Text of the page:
On this date in history. July 9 – President Taylor dies of cholera

Zachary Taylor, the 12th president of the United States, dies suddenly from an attack of cholera morbus. He was succeeded by Millard Fillmore.

Raised in Kentucky with little formal schooling, Zachary Taylor received a U.S. Army commission in 1808. He became a captain in 1810 and was promoted to major during the War of 1812 in recognition of his defense of Fort Harrison against attack by Shawnee chief Tecumseh. In 1832, he became a colonel and served in the Black Hawk War and in the campaigns against the Seminole Indians in Florida, winning the nickname of “Old Rough and Ready” for his informal attire and indifference to physical adversity.

Sent to the Southwest to command the U.S. Army at the Texas border, Taylor crossed the Rio Grande with the outbreak of the Mexican-American Warin 1846. In May, Taylor defeated the Mexicans at the battles of Palo Alto and Resaca de la Palma, and in September he captured the city of Monterrey. In February 1847, he achieved his crowning military victory at the Battle of Buena Vista, where his force triumphed despite being outnumbered three to one. This victory firmly established Taylor as a popular hero, and in 1848, despite his lack of a clear political platform, he was nominated the Whig presidential candidate.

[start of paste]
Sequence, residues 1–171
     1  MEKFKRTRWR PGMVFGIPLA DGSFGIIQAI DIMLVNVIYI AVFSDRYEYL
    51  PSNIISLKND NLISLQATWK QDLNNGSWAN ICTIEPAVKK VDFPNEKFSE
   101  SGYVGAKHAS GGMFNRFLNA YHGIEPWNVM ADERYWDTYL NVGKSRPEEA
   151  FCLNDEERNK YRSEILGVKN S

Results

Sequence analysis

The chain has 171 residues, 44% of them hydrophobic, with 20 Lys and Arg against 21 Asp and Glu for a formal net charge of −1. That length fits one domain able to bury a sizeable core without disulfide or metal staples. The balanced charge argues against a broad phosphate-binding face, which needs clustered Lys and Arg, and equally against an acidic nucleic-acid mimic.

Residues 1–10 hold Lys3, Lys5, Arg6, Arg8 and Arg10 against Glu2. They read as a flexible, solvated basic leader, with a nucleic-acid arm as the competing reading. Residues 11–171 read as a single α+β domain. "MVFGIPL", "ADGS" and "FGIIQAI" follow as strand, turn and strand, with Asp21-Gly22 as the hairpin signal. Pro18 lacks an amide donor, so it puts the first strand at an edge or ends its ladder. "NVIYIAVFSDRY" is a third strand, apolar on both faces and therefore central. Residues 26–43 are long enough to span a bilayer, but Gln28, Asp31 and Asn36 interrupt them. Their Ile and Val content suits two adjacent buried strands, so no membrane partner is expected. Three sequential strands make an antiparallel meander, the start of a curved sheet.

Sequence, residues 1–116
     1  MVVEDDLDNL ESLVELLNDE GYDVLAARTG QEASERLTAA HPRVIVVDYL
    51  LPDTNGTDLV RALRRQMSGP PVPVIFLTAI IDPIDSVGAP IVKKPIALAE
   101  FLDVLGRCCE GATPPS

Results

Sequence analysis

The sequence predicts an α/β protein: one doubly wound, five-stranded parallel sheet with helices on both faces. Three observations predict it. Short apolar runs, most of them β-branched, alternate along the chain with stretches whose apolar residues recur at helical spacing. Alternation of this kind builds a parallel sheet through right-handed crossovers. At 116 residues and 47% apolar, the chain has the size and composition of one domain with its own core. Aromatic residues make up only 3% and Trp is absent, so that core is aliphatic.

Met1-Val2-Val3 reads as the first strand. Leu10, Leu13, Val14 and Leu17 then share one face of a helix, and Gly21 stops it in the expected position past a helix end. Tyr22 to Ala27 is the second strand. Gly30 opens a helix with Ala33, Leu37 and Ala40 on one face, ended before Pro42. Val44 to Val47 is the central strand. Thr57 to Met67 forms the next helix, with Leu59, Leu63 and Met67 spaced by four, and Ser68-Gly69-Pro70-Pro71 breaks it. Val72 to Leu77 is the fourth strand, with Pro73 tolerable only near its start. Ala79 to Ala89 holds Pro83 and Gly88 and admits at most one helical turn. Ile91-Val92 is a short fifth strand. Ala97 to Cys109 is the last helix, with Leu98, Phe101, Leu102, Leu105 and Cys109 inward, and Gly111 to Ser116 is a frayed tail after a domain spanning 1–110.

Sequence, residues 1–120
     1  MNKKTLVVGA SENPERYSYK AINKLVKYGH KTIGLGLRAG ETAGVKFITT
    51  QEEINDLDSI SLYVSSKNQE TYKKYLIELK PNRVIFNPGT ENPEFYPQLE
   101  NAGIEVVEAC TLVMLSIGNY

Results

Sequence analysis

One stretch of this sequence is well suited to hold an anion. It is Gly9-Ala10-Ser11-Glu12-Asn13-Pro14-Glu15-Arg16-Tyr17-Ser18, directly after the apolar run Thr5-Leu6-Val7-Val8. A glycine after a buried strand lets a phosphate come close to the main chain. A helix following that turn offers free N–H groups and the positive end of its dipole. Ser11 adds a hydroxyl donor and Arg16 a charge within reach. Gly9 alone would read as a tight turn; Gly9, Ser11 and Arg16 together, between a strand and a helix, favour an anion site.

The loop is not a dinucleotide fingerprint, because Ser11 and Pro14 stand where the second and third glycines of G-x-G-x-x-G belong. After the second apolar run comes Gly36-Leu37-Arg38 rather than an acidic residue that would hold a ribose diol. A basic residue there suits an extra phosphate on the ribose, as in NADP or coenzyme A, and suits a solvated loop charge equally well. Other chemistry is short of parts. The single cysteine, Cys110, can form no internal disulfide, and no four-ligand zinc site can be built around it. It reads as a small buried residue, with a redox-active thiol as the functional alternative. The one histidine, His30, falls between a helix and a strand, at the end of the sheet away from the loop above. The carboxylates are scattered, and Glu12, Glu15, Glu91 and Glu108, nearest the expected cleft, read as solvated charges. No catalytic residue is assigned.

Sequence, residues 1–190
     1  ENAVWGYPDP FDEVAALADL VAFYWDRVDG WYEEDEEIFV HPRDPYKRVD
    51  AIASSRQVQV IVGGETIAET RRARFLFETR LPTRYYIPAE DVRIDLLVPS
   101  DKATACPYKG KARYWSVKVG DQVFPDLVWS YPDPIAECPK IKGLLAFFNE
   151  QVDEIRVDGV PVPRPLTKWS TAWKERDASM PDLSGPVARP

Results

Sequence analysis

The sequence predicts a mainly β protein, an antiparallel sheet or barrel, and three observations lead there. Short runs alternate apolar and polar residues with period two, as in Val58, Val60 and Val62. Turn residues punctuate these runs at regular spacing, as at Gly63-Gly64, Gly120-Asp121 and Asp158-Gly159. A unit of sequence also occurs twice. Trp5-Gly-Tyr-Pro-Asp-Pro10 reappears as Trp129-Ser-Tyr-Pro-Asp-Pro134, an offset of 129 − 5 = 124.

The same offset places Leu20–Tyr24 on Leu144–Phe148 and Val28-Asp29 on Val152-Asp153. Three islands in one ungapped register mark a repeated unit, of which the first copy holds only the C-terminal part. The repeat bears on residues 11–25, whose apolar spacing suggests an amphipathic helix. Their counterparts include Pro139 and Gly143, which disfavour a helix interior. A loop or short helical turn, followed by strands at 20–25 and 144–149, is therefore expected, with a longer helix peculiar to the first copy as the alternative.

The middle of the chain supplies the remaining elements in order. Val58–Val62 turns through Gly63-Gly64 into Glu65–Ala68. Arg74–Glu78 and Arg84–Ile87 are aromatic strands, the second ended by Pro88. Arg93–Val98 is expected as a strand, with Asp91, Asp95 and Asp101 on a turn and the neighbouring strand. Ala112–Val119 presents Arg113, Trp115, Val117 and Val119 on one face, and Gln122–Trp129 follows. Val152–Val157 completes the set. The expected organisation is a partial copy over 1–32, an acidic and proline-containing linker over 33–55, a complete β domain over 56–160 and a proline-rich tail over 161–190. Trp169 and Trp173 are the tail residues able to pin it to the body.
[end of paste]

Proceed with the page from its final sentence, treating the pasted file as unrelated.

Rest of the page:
Elected in November, Taylor soon fell under the influence of William H. Seward, a powerful Whig senator, and in 1849 he supported the Wilmot Proviso, which would exclude slavery from all the territory acquired as a result of the Mexican War. His inflexible responses to Southern criticisms of this policy aggravated the nation’s North-South conflict and revealed his political inexperience. Matters were at a stalemate when he died suddenly on July 9, 1850.

Via The History Channel

 

Fanfare for the common man. ELP and NY Philharmonic

This is Emerson, Lake and Palmer’s adaptation of the Aaron Copland’s classic composition. It was originally released as a 3 minute single. This is the full version most people have not heard. I have included a video of the New York Philharmonic playing it the way it was composed for contrast and to hear the inspiration of this amazing piece by ELP.